Police body cam bill that would restrict certain footage from public passes committee

Posted at 7:46 PM, Feb 22, 2016
and last updated 2016-02-22 21:48:53-05

SALT LAKE CITY -- A Utah legislative committee has moved a proposed law forward that lays out who’s in charge of coming up with rules for police body cameras and what kind of footage can’t be released to the public.

While some said the law is long overdue, others question if it overreaches the boundaries.

Utah police officers fitted with body cameras have caught dramatic footage at different incidents.

In one case, officers fought with an arson suspect inside a burning home. There’s also footage of an officer talking to a kidnapped child inside a stolen car.

There’s many examples of body cam footage that show moments before officer-involved shootings.

Police departments have released that footage to the media and public, giving everyone a glimpse inside these situations, which has some lawmakers concerned.

“I think when you’re dealing with sensitive images, with children, when you’re dealing with medical conditions, especially graphic violence or death or nudity, I think that people have a reasonable expectation of privacy,” said Sen. Daniel Thatcher, R-West Valley City.

Senate Bill 94, which he sponsored, would make some of that body cam footage shot in certain situations private and not available to the public.

Speakers from both sides weighed in during the Monday hearing.

While Thatcher sees it as protecting privacy, some groups like the ACLU argued it goes against public interest—especially in cases of officer-involved shootings that might be banned from release because the body cam footage could fall under that provision.

“The language that’s in the bill right now, I think goes too far in terms of making documents presumptively private,” said Marina Lowe, with ACLU Utah.

Others also said during the hearing that the state’s current public records information request system, GRAMA, already does a sufficient job screening what should and shouldn’t be released.

SB 94 also calls for setting statewide policies and standards for any department using body cams, and it hands the authority of writing those rules to the state Peace Officer Standards and Training Division.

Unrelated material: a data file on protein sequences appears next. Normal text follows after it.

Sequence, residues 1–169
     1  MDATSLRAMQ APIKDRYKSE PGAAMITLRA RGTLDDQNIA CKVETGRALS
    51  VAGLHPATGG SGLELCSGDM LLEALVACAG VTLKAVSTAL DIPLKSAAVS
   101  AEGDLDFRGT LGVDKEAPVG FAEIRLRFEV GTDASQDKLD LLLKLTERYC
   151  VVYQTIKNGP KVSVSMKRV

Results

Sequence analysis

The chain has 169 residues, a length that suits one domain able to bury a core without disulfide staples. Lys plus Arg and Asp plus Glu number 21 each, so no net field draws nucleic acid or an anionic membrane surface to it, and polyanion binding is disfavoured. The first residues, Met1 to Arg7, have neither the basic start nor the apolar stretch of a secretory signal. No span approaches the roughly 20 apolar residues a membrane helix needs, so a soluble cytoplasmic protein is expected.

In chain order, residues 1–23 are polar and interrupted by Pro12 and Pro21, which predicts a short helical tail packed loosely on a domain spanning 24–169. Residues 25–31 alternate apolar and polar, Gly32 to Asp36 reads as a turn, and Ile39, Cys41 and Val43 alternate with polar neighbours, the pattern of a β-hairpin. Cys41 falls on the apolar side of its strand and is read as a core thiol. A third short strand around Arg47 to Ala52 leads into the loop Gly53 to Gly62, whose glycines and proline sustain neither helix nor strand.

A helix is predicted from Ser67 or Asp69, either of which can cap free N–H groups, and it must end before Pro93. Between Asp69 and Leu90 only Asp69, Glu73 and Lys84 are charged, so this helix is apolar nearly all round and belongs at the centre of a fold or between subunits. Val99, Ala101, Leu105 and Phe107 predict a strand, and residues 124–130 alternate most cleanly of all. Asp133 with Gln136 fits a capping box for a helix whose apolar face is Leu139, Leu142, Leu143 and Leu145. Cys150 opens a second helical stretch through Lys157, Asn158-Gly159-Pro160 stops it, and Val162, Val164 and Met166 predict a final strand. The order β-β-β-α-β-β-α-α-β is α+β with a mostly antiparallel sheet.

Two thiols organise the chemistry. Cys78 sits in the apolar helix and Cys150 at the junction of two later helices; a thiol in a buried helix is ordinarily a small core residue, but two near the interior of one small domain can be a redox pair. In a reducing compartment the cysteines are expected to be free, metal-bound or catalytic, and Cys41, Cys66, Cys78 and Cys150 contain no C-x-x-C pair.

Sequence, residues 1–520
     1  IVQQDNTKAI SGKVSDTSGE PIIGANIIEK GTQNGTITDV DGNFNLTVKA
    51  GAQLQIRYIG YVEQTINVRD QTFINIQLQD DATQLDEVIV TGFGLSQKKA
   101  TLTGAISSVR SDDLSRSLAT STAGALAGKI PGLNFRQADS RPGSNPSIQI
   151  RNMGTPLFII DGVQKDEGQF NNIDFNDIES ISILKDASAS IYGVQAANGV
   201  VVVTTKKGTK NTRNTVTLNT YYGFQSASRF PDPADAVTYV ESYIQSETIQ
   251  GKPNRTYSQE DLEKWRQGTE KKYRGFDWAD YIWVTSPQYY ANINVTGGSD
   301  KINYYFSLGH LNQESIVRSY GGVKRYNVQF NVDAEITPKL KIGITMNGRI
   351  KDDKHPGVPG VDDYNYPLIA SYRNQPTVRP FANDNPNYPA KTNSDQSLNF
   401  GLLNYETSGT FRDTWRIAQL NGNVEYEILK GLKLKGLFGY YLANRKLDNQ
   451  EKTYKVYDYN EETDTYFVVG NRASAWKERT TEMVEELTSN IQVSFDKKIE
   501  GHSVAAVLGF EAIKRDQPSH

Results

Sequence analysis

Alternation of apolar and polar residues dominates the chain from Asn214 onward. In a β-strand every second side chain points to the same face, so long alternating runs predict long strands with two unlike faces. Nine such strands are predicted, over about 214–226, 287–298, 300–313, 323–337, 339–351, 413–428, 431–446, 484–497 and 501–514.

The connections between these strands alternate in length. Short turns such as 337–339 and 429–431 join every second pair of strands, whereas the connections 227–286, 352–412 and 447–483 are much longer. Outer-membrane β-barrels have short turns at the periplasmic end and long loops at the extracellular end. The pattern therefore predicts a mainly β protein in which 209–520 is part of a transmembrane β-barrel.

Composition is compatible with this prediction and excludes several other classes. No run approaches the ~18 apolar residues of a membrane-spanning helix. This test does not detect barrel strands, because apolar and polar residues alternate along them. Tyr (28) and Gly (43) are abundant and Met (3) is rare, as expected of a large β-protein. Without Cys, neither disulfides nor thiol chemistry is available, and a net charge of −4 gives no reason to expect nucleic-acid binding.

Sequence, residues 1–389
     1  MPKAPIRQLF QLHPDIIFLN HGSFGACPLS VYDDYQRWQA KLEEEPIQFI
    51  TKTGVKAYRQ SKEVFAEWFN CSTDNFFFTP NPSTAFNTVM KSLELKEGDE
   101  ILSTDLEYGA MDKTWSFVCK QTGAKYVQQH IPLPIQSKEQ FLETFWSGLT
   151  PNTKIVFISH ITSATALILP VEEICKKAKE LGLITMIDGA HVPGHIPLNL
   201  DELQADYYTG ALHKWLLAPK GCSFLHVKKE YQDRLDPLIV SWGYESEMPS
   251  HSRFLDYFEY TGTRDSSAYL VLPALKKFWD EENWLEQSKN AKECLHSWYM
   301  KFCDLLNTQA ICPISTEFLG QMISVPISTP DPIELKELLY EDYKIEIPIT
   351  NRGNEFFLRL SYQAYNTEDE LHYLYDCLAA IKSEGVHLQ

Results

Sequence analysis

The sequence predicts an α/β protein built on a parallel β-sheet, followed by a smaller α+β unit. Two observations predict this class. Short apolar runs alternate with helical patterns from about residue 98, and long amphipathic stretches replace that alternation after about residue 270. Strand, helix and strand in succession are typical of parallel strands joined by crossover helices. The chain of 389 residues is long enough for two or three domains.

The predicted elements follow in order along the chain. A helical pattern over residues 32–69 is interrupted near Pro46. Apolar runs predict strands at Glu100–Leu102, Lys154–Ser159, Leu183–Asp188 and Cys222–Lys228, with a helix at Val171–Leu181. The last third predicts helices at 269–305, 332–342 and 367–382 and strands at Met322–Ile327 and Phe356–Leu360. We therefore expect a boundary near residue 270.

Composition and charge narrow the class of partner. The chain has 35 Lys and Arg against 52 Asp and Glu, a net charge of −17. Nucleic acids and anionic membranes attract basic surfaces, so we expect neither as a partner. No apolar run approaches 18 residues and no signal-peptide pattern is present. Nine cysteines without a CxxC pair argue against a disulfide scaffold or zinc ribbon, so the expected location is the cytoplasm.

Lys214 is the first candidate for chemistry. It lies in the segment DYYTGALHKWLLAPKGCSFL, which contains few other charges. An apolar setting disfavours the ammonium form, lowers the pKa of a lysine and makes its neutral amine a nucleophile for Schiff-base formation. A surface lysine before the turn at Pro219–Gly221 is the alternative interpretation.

That provision has also sparked debate.

While some say POST is the best agency to handle the rule-writing, others say it should be up to lawmakers.

“It really doesn’t make sense to have these standards be decided by a law enforcement agency, it really makes sense for the debate to be had at the state level with state policymakers,” Lowe said.

But, police departments spoke up at the hearing, explaining that by designating POST, the bill isn’t leaving it all up to them to run the rules.

“POST is not a law enforcement entity necessarily, they are the overseer of law enforcement,” asserted Michael Millard, President of the Salt Lake Police Association who is an officer with Salt Lake City Police.

“This bill is not something that allows law enforcement to go forward and do whatever we want to do with a body camera policy,” said Tom Ross, President of the Utah Chiefs of Police Association, and Chief of Bountiful Police.

In the end, the Senate committee gave SB 94 the OK, though committee member Sen. Mark Madsen, R-Saratoga Springs, said the bill needed changes before going in front of the full Senate.

“I want to send a very clear message: I will not vote for this bill in its current form on the Senate floor,” he said.

Thatcher said they plan to make amendments in language, specifically to address the concerns with GRAMA and video privacy.

Another issue voiced by lawmakers—concerns over whether there’s enough time to make changes to the bill and for it to make it through both the Senate and House before the end of the session in two weeks.

This is the second body camera bill in the Legislature. The other, House Bill 300, also mandates that departments have a written body camera policy in place.

HB 300 establishes guidelines for when an officer can turn on and off a body camera, and goes over prohibited uses of body cams.

That bill made it out of a House committee and is making its way through the House floor.